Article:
Back up your stories or examples by facts and numbers. The bigger the numbers, the more impressed the recruiters. Also, focus on your individual impact on the companies you’ve worked for in the past. What changes did you propose and how did you implement them?
6. Don’t Add Skills that Don’t Apply to the Job Description
When you’re filling in an online job application, it’s tempting to add as many skills as possible. Keyword strategy is a huge part of an online application so you want to follow a solid keyword strategy. Refrain from this bad habit and instead streamline your application. Only include skills that apply to the job description for which you’re submitting your candidacy. If you’re not sure which skills to include, try analyzing the job description for some great ideas.
You should emphasize hard skills, awards, certifications, licenses, honors, and affiliations. If you’ve been filling a gap with volunteer work, here is a list of skills from which you will definitely want to select.
7. Don’t Forget to Check Your Spelling and Grammar
Recruiters are trained to spot spelling and grammar mistakes with the speed of light. Before you submit your online job application, it’s crucial you double or even triple check your grammar. You’ll spot any possible mistakes easier if you print your job application and resume on paper.
If your application contains errors, the hiring manager will draw negative conclusions and most likely will dismiss you as a suitable candidate for the job opening.
8. Don’t Lie or Stretch the Truth
If you don’t have the necessary experience required by the job description, don’t stretch the truth or, even worse, lie in your job application. The recruiters might want to cross-check references and past experience and it would be very embarrassing if they found out you were making things up.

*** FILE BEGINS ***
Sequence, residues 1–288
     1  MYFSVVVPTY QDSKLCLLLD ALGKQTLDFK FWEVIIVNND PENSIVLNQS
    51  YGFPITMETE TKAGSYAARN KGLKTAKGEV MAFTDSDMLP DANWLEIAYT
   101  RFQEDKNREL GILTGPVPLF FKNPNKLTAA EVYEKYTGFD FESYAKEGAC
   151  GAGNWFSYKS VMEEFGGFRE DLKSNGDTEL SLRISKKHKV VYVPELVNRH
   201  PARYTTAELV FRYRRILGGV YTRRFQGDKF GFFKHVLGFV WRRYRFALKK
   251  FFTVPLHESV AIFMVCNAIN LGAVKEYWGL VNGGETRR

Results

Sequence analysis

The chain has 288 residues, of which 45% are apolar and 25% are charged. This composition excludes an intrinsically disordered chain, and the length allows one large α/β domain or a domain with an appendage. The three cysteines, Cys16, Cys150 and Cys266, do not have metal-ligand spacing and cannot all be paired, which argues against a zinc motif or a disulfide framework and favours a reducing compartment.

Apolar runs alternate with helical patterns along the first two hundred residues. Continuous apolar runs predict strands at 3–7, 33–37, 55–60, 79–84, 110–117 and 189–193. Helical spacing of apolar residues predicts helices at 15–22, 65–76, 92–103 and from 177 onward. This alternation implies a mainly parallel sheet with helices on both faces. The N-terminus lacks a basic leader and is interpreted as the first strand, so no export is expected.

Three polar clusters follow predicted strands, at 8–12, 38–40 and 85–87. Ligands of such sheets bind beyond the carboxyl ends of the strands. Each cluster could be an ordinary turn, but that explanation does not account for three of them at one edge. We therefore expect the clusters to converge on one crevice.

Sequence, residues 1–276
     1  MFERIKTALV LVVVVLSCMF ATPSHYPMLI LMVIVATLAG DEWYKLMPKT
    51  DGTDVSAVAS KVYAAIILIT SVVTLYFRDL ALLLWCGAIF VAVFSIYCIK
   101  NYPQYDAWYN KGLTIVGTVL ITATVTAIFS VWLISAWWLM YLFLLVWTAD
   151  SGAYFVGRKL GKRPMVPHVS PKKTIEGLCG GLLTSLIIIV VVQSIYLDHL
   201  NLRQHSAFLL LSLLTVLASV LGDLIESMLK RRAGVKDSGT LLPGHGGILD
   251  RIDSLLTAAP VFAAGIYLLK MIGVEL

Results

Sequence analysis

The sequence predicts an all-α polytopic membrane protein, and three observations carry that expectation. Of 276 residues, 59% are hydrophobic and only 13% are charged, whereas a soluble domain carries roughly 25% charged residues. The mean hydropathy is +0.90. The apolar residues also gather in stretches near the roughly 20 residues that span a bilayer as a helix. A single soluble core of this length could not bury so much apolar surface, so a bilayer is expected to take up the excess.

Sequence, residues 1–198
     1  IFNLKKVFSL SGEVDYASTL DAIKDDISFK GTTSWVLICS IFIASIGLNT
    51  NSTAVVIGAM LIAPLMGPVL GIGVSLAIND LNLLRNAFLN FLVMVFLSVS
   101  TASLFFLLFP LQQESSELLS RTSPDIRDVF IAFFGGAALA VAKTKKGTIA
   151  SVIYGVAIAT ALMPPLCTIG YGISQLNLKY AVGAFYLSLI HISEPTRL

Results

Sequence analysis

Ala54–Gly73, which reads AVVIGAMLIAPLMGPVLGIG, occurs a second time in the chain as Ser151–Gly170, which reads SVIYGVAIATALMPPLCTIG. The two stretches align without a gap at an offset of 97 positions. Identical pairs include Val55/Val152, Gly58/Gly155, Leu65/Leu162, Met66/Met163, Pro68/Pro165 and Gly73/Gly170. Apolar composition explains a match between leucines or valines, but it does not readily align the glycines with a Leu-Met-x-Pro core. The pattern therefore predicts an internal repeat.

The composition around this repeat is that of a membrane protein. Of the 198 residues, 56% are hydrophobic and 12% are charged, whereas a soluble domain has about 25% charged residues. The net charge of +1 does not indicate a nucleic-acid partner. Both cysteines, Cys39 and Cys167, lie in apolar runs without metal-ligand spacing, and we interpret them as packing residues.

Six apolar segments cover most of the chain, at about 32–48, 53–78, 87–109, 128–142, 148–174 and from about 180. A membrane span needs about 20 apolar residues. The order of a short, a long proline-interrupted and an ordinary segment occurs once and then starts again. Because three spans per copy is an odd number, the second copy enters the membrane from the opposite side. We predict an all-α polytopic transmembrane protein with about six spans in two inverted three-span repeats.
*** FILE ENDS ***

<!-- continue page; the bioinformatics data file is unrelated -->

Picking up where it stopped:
Be honest, upfront and straightforward about your work experience (or lack of it). Sometimes, job descriptions are exaggerated and the demands can be unreal. Stick to the truth to avoid future complications and embarrassment.
9. Don’t Leave Blank Fields
Filling in applications all day long can be tedious and strenuous. However, deliberately leaving blank fields can be interpreted as arrogant and show a lack of interest. Don’t give hiring managers any reasons to dismiss your job application before even reading it.
If you feel uninspired and don’t know how to answer a question, it’s better to postpone sending the application for the next day rather than send it in with blank fields. You should also double check you haven’t miss any fields by accident. This is equally as bad as doing it on purpose and will send a negative message to recruiters: that you lack attention to details.
10. Don’t Include Negative Reasons for Leaving Past Jobs
Online job applications often comprise a section requesting Reasons for Leaving Past Jobs. Even if you’ve had unpleasant or unprofessional experiences at your last jobs, refrain from including them in your job application. Any negative references you make about past employers can be interpreted as poor attitude or performance.
Instead of focusing on the negative side of things, explain the move by talking about higher expectations or different objectives and working environments.